Turn frost-damaged corn into silage
“The weather continues to complicate the farming and ranching scene,” North Dakota State University Extension Service dairy specialist J.W. Schroeder says.
“If your corn doesn’t make grain, then silage may be an option, providing ruminant livestock exist in the area to consume it. Make sure you put the corn up right to avoid losses due to spoilage from improper storage.”
Corn silage is a popular forage for ruminant animals because it is high in energy and digestibility and it is easily adapted to mechanization from standing crop to time of feeding.
“While the quality of weather-damaged corn will not be as high as corn that has reached the dent stage, feeding value will depend upon the stage of plant development and how it is handled after the damage has occurred,” Schroeder says.
Corn silage should have a light, pleasant smell with only a slight vinegar odor. It should be slightly brown to dark green. If it is dark brown or has a fruity, yeasty, burned or rancid (butyric acid) odor, excessive heating or improper fermentation has occurred.
The greatest problem with this type of silage is a lack of energy, which is the result of less grain formation and improper fermentation due to excessive dryness of a damaged plant.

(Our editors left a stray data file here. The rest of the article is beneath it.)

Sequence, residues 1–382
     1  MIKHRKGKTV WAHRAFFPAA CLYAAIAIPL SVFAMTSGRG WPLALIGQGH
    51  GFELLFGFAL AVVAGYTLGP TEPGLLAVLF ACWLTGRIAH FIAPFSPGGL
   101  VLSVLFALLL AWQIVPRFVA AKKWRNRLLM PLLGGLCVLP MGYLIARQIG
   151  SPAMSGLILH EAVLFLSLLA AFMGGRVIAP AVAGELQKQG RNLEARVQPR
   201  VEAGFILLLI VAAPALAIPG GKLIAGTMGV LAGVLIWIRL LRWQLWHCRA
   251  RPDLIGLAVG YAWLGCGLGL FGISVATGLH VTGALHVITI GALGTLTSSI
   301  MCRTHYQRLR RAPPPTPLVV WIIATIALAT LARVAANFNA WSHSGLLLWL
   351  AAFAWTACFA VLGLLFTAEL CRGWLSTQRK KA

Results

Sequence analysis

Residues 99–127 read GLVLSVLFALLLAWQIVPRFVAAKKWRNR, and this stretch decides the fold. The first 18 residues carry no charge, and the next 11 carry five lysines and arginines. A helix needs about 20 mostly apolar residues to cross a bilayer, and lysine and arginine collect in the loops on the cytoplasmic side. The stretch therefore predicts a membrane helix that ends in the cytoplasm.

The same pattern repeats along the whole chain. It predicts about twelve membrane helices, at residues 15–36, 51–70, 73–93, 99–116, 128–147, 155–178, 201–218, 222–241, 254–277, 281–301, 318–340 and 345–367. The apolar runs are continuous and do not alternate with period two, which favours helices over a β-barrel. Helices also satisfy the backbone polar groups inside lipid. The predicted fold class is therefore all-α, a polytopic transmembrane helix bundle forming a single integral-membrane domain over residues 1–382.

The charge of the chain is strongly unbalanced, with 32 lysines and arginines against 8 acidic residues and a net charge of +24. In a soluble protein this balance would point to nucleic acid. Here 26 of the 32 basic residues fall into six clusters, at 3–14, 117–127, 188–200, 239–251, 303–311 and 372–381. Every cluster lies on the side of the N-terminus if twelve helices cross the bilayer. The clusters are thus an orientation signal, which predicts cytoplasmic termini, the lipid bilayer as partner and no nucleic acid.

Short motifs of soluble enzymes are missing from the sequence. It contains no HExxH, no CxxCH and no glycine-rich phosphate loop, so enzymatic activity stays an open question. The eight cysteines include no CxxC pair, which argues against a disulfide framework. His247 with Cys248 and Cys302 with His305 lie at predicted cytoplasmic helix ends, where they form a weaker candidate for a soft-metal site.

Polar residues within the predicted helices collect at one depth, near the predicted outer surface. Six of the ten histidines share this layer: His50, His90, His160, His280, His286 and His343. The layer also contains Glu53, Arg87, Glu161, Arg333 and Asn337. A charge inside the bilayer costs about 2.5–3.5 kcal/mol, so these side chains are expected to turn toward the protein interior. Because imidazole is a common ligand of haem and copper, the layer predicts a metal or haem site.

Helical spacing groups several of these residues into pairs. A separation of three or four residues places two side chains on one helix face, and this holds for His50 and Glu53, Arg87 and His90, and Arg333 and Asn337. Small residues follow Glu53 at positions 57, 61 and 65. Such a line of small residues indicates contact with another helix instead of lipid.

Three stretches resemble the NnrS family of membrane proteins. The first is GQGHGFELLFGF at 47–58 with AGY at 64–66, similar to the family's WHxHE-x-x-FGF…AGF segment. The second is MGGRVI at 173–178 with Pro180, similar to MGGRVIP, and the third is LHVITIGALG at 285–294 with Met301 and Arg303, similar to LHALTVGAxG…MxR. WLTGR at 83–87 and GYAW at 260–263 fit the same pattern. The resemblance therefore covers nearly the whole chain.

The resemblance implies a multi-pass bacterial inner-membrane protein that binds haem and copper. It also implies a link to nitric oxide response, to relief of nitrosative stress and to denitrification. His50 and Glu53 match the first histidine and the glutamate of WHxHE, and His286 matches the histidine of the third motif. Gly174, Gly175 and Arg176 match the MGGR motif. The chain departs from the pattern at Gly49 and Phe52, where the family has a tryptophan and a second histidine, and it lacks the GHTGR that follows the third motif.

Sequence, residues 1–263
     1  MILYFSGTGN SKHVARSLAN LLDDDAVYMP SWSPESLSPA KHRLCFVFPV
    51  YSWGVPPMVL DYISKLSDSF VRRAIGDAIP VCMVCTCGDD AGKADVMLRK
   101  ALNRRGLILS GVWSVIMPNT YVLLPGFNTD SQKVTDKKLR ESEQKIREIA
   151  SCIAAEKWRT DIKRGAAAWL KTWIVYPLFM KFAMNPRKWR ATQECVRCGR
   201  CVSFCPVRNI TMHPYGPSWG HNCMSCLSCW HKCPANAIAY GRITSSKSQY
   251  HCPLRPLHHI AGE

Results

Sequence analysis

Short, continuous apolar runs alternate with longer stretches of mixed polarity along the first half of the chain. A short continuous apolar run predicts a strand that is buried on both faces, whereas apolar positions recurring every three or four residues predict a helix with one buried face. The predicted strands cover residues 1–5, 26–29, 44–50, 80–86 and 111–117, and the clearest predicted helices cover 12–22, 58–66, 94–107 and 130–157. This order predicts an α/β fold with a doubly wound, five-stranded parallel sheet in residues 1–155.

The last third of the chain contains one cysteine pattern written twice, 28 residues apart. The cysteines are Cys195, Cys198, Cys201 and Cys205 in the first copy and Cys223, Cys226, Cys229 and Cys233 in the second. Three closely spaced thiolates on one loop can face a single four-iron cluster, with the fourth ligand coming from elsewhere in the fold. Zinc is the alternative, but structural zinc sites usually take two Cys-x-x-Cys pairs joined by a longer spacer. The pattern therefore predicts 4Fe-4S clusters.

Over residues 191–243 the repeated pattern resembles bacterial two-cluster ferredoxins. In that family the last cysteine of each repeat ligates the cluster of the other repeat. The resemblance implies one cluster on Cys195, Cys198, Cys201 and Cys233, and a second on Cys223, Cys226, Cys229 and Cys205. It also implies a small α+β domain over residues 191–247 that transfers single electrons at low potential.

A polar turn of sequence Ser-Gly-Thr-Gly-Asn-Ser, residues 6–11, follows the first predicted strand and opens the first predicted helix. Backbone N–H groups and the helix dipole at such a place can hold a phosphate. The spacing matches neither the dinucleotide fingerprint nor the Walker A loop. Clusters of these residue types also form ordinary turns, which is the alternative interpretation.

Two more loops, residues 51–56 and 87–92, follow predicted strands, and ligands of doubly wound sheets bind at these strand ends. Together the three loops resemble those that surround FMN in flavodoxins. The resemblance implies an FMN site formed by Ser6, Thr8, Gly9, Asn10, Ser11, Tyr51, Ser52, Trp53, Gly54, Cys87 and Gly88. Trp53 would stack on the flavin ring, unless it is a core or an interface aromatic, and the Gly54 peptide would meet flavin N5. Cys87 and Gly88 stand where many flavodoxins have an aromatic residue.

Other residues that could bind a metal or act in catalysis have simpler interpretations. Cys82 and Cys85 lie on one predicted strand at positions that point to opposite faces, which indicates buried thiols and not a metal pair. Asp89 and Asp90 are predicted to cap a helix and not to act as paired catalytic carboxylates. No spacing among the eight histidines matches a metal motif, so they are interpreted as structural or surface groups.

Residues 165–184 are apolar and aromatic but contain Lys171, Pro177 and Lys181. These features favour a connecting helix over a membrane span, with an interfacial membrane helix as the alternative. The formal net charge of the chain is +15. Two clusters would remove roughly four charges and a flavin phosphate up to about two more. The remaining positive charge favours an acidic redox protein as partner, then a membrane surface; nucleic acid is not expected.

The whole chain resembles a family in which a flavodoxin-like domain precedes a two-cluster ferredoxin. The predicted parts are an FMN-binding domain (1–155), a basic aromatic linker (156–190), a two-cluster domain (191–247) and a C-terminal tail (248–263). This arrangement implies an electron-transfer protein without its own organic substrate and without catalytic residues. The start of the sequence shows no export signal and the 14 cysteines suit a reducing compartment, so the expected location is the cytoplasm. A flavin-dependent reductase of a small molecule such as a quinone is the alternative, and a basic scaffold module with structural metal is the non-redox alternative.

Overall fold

Frosted corn should be cut as soon as possible because it will dry quickly and lose leaves, Schroeder says. Producers may need to add water to establish airtight conditions in corn that has frosted and become too dry to pack well.
As a rule of thumb, add 4 gallons of water per ton of silage for each 1 percent of desired rise in moisture content. Add this water as the silo is being filled. If water is added to a silo after it is filled, the water seeps down the silo walls and doesn´t permeate the silage.
A bit more precise and more frequently used calculation when adjusting total mixed rations for dryness is: added water (lbs) = (ay-az)/z, where a = batch size in pounds, y = percentage of dry matter (DM) of dry mix and z = percentage of DM desired for the mix.
If the combination of feeds results in a mixture that is too dry (for example, a total mixed ration, or TMR, that is 80 percent dry matter) and the desired or target moisture content that would result in greater intake or reduced dustiness is 65 percent DM, then for a 1-ton (2,000-pound) batch, use the following formula: (2,000 x 80) - (2,000 x 65)/65 = 462 pounds of water.
Water typically weighs about 8.35 pounds per gallon, so you would need 55 gallons of water for each ton of TMR (462 divided by 8.4).
Compared with the rule of thumb (4 gallons), this formula requires about 3.7 gallons for each 1 percent of change in dry matter for every ton. — WLJ